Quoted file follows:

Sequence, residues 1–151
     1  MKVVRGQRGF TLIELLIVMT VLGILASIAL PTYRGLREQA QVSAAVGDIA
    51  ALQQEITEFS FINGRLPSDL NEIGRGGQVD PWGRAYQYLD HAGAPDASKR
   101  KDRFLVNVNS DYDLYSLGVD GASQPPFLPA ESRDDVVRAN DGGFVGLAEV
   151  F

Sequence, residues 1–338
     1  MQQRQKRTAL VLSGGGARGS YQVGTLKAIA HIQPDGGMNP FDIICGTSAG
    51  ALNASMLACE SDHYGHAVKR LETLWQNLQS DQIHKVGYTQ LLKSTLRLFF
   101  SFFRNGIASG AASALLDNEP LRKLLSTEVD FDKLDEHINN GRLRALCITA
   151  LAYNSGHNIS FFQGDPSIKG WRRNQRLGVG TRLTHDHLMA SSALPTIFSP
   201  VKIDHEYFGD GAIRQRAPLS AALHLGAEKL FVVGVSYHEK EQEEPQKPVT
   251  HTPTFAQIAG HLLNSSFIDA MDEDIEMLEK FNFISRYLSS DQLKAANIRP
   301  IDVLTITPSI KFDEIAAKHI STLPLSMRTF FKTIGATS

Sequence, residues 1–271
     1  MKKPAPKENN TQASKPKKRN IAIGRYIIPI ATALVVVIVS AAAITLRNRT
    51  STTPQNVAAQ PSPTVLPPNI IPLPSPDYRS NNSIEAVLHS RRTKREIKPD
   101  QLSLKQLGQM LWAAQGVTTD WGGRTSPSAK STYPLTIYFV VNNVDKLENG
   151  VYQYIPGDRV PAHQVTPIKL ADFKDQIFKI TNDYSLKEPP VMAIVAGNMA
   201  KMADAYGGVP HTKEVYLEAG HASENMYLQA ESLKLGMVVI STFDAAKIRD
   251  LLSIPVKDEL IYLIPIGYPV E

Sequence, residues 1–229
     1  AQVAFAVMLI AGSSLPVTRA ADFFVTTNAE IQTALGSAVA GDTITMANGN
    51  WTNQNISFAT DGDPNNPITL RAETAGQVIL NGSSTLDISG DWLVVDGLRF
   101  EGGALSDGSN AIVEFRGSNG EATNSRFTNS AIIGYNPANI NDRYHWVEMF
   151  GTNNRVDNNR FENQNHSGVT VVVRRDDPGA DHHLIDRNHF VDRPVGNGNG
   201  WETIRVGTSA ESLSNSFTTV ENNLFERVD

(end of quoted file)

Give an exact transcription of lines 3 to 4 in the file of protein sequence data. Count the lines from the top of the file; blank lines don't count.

    51  ALQQEITEFS FINGRLPSDL NEIGRGGQVD PWGRAYQYLD HAGAPDASKR
   101  KDRFLVNVNS DYDLYSLGVD GASQPPFLPA ESRDDVVRAN DGGFVGLAEV